It runs about 35mm lower than standard and, having tried 18-inch wheels and found the car tramlined too much, is back on the standard 17s. Lower it may be but it’s still beautifully compliant and very happy as a road set-up and lacks none of the standard car’s fluency over bumpy, twisty B-roads. It may lose the production race car’s fancy Sachs dampers but it shares that car’s lively, predictable feel and doesn’t tie it down too hard and lose the feedback and adjustability that makes the MX-5 so much fun. It just has a bit more poise and grip, a bit less pitch and roll and the capacity to handle that extra power.

Current set-up is definitely road supple
Current set-up is definitely road supple
Currently pegged at around 200hp, Richard from engine builder Omex says there is the potential for more out of the set-up, based around Jenvey throttle bodies and his own tuning, but they’re still playing about with torque curves and maps. He also corrects the common misconception (guilty as charged!) that the Mazda engine and Ford Duratec are one and the same. They share a block and basic design and were developed together but, he asserts, the Mazda version uses much higher quality internal components and the head is different and has inherently better flow. The way his eyes light up at the talk of 7,800rpm redlines and making sure you use them shows where his loyalties are in terms of the final brew but the production version, if it happens, will be driveable and slightly less rampant in terms of noise.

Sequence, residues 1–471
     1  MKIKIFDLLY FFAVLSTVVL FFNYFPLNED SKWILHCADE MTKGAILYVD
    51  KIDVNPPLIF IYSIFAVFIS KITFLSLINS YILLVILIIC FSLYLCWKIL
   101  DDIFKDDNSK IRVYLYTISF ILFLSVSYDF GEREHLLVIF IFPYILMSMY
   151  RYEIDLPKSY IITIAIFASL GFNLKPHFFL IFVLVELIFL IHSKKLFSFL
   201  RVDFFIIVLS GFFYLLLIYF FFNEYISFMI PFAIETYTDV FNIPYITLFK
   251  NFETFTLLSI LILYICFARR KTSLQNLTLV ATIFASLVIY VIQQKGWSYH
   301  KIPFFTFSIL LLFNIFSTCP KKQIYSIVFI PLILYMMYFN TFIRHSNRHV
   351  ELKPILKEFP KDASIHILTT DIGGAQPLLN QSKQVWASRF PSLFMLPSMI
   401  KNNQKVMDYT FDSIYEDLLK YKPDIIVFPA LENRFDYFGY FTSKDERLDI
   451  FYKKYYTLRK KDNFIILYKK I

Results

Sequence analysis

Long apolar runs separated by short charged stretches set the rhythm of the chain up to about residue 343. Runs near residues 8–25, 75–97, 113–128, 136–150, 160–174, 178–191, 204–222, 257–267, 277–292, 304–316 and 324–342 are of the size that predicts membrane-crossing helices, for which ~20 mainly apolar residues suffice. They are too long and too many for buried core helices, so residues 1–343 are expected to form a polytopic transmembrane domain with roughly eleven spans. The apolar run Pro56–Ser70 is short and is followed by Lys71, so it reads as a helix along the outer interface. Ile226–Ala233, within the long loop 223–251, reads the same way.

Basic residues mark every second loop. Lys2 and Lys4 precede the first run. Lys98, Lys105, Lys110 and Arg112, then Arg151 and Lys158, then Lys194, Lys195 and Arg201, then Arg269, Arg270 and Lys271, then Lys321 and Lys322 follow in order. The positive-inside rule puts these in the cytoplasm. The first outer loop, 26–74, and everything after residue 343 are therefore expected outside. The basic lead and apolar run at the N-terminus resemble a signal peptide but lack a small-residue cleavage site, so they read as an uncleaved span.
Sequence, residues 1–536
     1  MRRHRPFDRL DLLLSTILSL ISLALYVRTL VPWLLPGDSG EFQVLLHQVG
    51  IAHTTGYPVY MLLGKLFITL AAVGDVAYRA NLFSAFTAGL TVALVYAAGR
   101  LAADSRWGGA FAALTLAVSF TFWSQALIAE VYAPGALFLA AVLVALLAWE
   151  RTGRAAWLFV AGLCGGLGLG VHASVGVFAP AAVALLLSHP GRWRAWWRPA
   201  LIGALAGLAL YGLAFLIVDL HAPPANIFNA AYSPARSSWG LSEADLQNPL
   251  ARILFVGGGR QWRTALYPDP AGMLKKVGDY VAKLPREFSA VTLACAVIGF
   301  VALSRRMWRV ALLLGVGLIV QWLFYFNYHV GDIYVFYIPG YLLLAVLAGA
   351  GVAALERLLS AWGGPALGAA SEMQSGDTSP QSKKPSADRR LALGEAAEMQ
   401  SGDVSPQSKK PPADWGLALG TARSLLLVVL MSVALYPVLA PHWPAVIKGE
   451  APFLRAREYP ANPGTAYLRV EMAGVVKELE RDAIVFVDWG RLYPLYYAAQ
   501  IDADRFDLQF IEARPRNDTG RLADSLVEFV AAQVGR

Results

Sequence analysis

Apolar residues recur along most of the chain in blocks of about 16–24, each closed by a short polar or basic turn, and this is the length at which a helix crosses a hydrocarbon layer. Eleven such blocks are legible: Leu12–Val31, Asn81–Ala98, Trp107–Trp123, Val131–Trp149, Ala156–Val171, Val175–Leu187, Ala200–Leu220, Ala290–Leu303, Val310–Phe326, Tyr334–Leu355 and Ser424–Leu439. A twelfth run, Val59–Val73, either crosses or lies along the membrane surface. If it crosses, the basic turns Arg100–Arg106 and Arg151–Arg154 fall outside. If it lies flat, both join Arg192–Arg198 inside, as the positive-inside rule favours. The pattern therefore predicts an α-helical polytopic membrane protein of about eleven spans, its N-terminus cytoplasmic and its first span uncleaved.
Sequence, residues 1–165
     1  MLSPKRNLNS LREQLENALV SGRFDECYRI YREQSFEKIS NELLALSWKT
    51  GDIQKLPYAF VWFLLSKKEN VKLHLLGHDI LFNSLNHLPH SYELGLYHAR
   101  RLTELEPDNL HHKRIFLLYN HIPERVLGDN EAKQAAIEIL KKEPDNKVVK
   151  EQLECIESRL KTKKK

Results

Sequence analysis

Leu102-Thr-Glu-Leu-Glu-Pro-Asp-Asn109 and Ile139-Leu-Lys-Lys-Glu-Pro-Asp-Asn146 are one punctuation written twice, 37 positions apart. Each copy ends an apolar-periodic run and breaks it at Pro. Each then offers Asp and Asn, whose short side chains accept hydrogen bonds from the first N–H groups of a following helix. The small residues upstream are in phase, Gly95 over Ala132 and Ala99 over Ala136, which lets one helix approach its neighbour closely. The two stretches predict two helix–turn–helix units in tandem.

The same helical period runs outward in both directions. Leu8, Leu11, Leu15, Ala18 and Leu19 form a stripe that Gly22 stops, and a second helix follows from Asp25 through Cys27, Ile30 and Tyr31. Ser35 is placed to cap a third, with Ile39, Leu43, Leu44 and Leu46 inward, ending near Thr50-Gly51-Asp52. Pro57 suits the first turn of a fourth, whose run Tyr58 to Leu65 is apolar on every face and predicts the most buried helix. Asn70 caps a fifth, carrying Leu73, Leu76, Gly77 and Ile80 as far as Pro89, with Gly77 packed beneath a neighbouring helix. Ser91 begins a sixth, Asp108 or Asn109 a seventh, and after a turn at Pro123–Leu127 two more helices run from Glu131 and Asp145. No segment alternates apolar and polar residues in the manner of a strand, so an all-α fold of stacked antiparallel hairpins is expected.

Fun on the track too and plenty exploitable
Fun on the track too and plenty exploitable
Potential. Realised.
It doesn’t dance around on its tyres quite as much as a BRZ/GT86 but it’s got bucketloads of flow and in no time at all you’re happy to lean on it pretty damned hard, flicking that stubby little gear lever this way and that to keep those shift lights ablaze and giggling like an idiot at the noise.

True, it does encourage you to drive like a bit of an tool. But it’s just so much fun and the base package so well sorted that you can’t help yourself and there’s just enough power to enhance the car without overwhelming the finer detail and turning it into a one-dimensional point and squirt device.

Cosmetic upgrades influenced by GT racer
Cosmetic upgrades influenced by GT racer
So what’d it cost? Well, Mazda is talking of a final price in the £30K ballpark. Which is a lot for an MX-5 and a fair step up from the £23K you’d pay for the 2.0 Roadster Coupe Sport Tech on which it’s based. A Boxster is now, effectively, a £40K car but that’d get you in a basic Z4 or SLK with a turbo and aforementioned diesel-like power delivery. In spirit it’s more a rival for the Elise though, entry to the Lotus coming a couple of grand less for the base 1.6.

A lot of money for an MX-5, true. But a whole lot of fun too.


MAZDA MX-5 GT Concept
Engine:
1,999cc 4-cyl
Transmission: 6-speed manual, rear-wheel drive
Power (hp): ‘over’ 200@6,000rpm (standard: 160@7,000)
Torque (lb ft):143@4,800rpm (standard: 139@5,000)
0-62mph:  TBC (standard: 7.9 sec)
Top speed: TBC (standard: 136mph)
Weight:1,173kg
MPG: TBC (standard: 36.2 combined)
CO2: TBC (standard: 181g/km)
Price: c. £30,000

Note: final output and performance figures to be confirmed, comparison figures for standard car for a 2.0 Roadster Coupe Sport Tech

Author: Dan Trent